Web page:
In need of a basketball game?
6/25/2011, 9:09 a.m.
Each eight-week season consists of one game per week, culminating in a championship game for each region. Weekend tournaments and three-on-three events are also part of the experience Ultimate Hoops provides Life Time members. In 2012, Life Time also will bring the regional champions together for one national championship.
But Ultimate Hoops is about a lot more than competition. "Games on the court are a small part of what it is," says Alan Arlt, Ultimate Hoops founder and Life Time senior director of basketball operation. "Off the court there's a 24/7 basketball experience online." At www.uhlife.com, players can keep track of their season and career stats, find articles that promote the games and players nationwide, see photos and videos and even talk smack with their competitors.
"I like comparing stats and checking out the upcoming schedule," Williams says about the Ultimate Hoops website. "I'm always checking out the headlines and being able to comment on articles and player profiles is fun. It definitely helps the experience."
That experience often extends beyond the court and website. "As players get more immersed in the league both on the court and online they start forming friendships through our Ultimate Hoops community," says Arlt. "It's great to see players and fans who have never met before connecting through an Ultimate Hoops kinship."
That's true for Ho who socializes with players online and off the court, too. "I was on a free agent team my first season and I actually ended up connecting well with a lot of my opponents," he says. "I even convinced a few of my friends to join Life Time specifically for Ultimate Hoops."
Ho believes the name "Ultimate Hoops," aptly describes the experience. "Not only have they combined all the best aspects of the leagues I've played in, they've cultivated a thriving community of active players and entertaining personalities that provides a far-reaching and engaging experience," he says. "Local success and banter can often lead to regional national rivalries and debates, which is unique to Ultimate Hoops and really delivers a pro-type experience from both a player and fan perspective."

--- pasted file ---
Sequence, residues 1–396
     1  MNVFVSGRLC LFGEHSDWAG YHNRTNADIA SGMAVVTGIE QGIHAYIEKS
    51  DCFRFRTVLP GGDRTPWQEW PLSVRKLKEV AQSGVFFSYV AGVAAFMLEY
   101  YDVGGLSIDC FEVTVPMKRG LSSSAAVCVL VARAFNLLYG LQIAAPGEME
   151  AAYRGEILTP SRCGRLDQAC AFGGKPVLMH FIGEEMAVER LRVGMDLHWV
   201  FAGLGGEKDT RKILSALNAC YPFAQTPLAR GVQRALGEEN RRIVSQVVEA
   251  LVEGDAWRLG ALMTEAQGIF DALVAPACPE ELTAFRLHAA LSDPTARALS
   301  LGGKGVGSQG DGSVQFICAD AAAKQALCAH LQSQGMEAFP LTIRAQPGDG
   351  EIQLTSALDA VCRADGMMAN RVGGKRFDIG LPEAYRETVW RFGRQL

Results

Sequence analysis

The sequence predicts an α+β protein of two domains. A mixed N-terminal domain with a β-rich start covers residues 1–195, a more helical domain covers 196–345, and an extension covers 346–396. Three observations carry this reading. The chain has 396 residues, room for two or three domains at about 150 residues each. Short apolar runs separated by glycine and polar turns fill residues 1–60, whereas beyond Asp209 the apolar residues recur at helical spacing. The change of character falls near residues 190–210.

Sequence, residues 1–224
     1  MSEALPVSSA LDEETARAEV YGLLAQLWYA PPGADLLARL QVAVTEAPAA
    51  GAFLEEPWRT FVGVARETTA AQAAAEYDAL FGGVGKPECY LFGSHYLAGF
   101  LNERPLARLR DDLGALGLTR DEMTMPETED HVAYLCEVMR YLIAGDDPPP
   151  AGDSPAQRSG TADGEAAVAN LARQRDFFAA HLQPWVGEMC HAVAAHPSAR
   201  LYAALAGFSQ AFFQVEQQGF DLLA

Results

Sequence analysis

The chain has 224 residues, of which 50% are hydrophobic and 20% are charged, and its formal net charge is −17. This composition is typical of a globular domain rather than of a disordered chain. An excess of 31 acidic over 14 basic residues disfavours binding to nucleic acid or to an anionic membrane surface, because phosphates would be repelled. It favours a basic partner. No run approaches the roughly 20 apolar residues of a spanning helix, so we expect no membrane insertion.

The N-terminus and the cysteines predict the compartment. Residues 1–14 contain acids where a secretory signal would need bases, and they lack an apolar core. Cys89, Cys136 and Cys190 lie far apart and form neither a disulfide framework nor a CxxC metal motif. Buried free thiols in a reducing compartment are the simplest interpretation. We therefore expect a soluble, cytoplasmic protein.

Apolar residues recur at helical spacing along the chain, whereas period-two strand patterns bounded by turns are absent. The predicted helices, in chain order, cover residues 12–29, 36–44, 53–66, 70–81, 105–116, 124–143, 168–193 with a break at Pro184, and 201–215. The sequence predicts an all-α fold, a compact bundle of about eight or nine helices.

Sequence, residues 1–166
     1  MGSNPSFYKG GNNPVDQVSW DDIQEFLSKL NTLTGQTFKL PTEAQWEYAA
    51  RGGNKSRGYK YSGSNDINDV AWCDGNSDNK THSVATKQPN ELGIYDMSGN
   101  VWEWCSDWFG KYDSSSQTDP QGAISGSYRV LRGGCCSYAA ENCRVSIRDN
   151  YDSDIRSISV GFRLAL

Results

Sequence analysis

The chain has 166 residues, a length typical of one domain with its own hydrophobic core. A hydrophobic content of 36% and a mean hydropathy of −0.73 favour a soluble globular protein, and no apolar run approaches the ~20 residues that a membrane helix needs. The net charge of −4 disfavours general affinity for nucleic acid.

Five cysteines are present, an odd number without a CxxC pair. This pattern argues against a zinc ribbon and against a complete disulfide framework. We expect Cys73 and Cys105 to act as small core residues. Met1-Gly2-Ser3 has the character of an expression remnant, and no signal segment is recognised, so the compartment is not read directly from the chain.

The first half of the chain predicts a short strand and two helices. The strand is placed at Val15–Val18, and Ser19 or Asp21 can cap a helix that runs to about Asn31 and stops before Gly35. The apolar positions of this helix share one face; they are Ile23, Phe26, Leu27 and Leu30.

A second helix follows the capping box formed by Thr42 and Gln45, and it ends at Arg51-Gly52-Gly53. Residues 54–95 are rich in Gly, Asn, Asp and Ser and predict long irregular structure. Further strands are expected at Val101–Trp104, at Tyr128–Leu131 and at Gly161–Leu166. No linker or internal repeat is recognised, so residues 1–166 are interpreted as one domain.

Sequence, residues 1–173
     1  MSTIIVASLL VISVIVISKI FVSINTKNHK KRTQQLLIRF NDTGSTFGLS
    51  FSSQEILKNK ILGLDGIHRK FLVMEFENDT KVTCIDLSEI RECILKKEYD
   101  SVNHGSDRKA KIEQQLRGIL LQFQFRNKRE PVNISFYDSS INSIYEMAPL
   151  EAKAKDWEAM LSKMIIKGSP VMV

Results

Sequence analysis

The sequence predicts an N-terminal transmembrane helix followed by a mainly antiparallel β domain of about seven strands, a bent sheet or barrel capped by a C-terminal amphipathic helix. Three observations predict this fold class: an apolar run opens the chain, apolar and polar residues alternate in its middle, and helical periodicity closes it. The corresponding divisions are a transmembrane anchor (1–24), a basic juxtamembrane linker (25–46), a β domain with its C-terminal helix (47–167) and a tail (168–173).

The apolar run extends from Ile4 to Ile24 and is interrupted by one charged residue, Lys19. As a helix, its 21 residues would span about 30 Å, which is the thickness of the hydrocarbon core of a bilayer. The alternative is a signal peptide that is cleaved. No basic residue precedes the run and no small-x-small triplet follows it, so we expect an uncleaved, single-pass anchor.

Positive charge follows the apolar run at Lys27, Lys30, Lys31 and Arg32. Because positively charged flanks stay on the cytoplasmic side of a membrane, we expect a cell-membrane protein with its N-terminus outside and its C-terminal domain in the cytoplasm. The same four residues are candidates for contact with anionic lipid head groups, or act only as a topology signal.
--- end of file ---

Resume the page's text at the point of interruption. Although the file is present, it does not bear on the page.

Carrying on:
While Ultimate Hoops caters to the "Average Joe," the experience is so good, even former professional players like Michael Finley and Penny Hardaway enjoy the league, too. Lindsey Hunter, a successful NBA star who played on a team at the Old Orchard Life Time in Skokie, Ill. in 2010, said in an Ultimate Hoops interview during the playoffs, "I've got two NBA championships, I might as well get an Ultimate Hoops Championship to go with them."
Ultimate Hoops has grown significantly this year, and with the addition of several pilot leagues, including Ultimate Hoops Preps, for ages 13 to 17, and Ultimate Hoops Juniors, for ages 3 to 12, it's sure to grow more. "In partnership with Life Time Kids, we're also working on a comprehensive, progression based program for Ultimate Hoops Juniors," Arlt says. "The potential for the youth programs is immense."
Ultimate Hoops is also starting up women's leagues. The first all-female league began in Detroit this spring. Players preferred the championship prize of Life Spa pedicures over medals. Women's leagues will organize soon in Minneapolis and Chicago.